Whether or not Tuesday was Prosser’s final day in court remains to be seen.

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This file photo shows Prosser leaving federal court on St. Thomas during bankruptcy proceedings in 2008. A V.I. Superior Court judge dismissed an appeal Tuesday from bankrupt former Vitelco and Innovative Cable owner Jeffrey Prosser, clearing the way for ICC's biggest creditor to immediately buy Vitelco and the Innovative Cable companies.
When Judge Harold Willocks issued his ruling Tuesday—both dismissing the appeal and vacating an earlier stay of the V.I. Public Service Commission's ruling in May to let the Innovative sale proceed—he was no kinder or gentler than previous federal judges in his judgment of the merits of Prosser's case.
Dismissing a crucial element of Prosser's appeal, Willocks found Prosser had “failed to provide a clear showing of irreparable and substantial financial or property loss as alleged."
On the fundamental question of whether the PSC's decision met the conditions required for a court to overturn it, he said "(t)here is nothing in the record that suggests that the PSC's findings of facts and conclusions were arbitrary, capricious or procured through fraud.”
Prosser's other claims fared no better.
For instance, Prosser argued the court should review the case and send it back to the PSC for reconsideration because of new information and evidence.
But no new evidence was presented at the Sept. 7 hearing where Willocks heard arguments in Prosser's appeal of the PSC's decision.
On Monday, presumably at Willocks' request, Prosser attorneys filed a brief acknowledging there was, in fact, no new evidence and apologizing to the court. Willocks quotes Prosser's own brief, saying "(n)one of the material contained in the Petition for Reconsideration included new information as previously represented.”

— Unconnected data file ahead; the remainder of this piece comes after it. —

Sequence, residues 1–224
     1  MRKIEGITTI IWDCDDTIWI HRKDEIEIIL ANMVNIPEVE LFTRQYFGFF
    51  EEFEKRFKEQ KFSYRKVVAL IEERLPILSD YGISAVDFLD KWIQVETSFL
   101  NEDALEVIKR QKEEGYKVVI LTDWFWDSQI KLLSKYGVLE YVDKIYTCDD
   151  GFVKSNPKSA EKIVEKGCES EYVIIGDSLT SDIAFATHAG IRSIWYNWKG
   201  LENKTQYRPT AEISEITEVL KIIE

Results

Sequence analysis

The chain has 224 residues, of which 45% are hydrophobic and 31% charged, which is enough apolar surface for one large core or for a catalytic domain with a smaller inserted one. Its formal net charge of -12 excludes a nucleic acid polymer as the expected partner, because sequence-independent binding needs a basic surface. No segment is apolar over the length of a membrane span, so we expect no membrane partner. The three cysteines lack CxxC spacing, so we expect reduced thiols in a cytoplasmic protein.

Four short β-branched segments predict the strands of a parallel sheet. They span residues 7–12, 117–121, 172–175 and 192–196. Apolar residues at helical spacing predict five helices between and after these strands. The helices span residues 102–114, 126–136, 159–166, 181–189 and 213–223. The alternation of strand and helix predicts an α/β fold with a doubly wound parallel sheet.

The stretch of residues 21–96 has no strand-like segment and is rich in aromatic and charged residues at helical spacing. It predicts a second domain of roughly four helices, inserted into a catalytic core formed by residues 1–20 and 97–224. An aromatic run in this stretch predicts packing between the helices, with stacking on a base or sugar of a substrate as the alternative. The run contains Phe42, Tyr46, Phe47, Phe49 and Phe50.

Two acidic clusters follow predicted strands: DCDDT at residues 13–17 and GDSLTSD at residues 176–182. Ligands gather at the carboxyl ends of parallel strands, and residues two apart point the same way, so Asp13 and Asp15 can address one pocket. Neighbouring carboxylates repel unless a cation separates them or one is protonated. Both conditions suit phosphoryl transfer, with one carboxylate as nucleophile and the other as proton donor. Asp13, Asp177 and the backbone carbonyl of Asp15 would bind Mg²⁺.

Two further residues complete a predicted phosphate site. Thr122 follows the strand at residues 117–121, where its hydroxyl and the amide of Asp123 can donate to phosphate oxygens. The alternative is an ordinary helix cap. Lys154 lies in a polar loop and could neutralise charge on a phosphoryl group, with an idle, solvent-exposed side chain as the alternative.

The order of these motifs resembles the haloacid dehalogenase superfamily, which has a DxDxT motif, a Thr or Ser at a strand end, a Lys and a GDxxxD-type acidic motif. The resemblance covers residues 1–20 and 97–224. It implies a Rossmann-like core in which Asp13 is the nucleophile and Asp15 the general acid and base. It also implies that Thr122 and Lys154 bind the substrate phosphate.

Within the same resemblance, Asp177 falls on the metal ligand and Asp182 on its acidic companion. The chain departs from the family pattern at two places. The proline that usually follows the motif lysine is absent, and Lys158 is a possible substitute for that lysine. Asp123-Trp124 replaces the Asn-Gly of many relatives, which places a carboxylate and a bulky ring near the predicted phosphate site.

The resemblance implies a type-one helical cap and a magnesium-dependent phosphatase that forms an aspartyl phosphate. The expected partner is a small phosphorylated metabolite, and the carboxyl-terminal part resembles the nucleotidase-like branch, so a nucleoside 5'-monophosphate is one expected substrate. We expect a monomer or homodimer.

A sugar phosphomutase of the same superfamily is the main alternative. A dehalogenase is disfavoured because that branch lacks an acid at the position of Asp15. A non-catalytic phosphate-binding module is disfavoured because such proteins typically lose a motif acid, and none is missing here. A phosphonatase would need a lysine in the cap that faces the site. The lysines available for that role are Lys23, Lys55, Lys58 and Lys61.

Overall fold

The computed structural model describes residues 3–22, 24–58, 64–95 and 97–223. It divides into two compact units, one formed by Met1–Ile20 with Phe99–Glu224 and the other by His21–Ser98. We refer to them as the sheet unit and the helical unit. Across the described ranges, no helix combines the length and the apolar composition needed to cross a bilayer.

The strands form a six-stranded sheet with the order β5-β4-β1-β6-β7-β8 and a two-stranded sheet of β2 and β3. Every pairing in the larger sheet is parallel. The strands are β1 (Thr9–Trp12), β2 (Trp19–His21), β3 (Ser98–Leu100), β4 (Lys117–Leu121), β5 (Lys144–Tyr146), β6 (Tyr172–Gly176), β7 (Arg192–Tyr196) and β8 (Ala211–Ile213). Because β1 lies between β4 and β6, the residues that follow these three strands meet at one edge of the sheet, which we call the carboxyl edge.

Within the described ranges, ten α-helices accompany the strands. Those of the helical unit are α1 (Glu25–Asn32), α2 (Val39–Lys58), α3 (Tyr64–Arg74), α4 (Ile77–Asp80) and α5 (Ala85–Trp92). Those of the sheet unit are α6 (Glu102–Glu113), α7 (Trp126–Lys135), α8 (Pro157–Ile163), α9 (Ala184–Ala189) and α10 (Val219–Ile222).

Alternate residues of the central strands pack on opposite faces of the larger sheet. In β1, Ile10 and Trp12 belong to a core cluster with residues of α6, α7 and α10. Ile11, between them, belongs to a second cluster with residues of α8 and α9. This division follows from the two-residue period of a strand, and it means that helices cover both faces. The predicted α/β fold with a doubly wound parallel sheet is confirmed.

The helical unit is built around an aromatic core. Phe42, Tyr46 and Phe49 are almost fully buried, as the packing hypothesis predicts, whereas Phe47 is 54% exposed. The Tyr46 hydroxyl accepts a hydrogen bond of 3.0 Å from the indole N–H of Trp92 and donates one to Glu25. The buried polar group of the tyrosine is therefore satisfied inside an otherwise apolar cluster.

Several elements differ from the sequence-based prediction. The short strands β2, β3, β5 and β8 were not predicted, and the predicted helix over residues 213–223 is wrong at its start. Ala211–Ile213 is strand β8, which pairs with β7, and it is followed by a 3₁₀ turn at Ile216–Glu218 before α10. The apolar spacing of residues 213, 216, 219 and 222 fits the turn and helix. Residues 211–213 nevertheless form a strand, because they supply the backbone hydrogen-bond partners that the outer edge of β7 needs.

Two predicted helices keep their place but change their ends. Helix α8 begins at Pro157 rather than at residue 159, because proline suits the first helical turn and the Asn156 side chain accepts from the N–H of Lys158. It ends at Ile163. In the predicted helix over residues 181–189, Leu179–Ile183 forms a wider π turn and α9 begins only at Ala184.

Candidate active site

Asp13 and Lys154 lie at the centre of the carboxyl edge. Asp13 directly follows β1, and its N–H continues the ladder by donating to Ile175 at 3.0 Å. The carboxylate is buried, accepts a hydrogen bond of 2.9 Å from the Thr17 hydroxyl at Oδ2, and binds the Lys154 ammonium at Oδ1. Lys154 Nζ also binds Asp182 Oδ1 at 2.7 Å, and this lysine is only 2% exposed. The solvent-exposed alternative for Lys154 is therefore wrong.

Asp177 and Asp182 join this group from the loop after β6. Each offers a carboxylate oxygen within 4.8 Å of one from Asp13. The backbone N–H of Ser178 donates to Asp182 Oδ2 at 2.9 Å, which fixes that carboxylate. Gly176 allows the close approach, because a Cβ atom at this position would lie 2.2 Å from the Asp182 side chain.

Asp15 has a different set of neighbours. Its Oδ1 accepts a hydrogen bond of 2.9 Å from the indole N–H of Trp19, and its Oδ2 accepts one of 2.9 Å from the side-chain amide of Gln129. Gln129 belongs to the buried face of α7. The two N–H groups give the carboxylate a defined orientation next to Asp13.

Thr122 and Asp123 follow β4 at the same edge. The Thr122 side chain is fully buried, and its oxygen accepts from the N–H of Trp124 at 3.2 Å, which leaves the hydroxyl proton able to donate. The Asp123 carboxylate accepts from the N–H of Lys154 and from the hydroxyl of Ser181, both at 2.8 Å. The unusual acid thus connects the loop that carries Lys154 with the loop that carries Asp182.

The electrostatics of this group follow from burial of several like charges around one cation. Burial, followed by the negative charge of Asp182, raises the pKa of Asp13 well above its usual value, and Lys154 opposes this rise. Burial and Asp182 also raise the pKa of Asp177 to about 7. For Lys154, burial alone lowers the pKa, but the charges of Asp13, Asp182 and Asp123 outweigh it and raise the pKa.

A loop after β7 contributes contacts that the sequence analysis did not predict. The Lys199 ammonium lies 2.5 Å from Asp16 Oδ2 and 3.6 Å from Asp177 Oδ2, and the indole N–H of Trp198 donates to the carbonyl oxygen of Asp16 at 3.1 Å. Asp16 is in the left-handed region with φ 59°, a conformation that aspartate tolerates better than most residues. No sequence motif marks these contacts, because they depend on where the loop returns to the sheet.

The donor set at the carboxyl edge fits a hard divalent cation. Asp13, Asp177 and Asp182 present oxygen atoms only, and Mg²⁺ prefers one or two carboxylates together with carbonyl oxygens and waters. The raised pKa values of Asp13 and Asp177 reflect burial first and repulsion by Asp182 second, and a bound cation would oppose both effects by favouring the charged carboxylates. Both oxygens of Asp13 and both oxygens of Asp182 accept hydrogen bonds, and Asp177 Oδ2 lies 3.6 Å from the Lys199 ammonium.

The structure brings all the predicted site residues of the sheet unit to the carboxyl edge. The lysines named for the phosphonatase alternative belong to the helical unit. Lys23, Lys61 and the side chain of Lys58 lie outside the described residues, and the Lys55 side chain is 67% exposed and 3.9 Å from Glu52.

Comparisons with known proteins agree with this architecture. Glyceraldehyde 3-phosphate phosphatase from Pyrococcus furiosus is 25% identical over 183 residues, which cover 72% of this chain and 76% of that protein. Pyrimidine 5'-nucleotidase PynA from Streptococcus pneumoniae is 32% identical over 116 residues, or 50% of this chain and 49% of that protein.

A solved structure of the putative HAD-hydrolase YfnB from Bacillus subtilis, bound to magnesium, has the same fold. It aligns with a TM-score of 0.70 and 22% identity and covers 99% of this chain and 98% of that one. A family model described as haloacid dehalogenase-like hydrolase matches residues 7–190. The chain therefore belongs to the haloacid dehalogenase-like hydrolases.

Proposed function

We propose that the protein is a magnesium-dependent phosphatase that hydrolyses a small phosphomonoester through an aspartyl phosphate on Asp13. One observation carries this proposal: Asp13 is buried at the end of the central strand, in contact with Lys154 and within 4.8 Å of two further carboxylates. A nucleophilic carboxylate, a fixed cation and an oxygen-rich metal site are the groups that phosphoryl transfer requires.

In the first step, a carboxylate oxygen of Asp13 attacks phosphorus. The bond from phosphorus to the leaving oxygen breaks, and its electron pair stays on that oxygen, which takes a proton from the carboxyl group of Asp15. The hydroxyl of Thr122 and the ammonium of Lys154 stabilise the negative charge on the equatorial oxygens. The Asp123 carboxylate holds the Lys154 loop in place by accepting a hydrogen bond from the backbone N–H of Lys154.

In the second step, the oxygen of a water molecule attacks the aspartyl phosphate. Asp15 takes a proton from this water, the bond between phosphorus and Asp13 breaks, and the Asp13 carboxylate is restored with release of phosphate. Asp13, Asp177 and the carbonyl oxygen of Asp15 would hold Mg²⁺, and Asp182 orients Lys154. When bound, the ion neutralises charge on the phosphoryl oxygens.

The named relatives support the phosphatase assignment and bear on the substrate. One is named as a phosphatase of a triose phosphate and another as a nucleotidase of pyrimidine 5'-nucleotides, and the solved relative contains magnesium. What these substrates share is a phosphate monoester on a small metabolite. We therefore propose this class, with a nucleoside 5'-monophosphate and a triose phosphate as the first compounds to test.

But even had Prosser's attorney's been truthful about there being new evidence, Willocks noted that “the PSC did not need to consider any of the new issues raised.”
Citing federal rules of evidence, Prosser attorneys argued the case should be remanded to the PSC because the PSC did not issue a formal ruling denying his motion for reconsideration, instead letting it die through inaction.
“Throughout the appeal process, appellants [i.e., Prosser] repeatedly argued that this matter deals with a local agency and local statues,” Willocks said, agreeing with Prosser's earlier arguments that local, not federal, law applied. He then cited the passage of V.I. Code, which says if the PSC does not act on a petition for reconsideration in time, it is deemed denied by law.
Avenues for more delay in the bankruptcy seem to be closing one by one. Prosser may perhaps try to appeal Willocks' ruling to the V.I. Supreme Court. But with no stay in place, the transfer of ownership will go ahead immediately regardless.
And there do not appear to be any obvious legal grounds for a successful final appeal.
Whether or not Tuesday was Prosser's final day in court remains to be seen.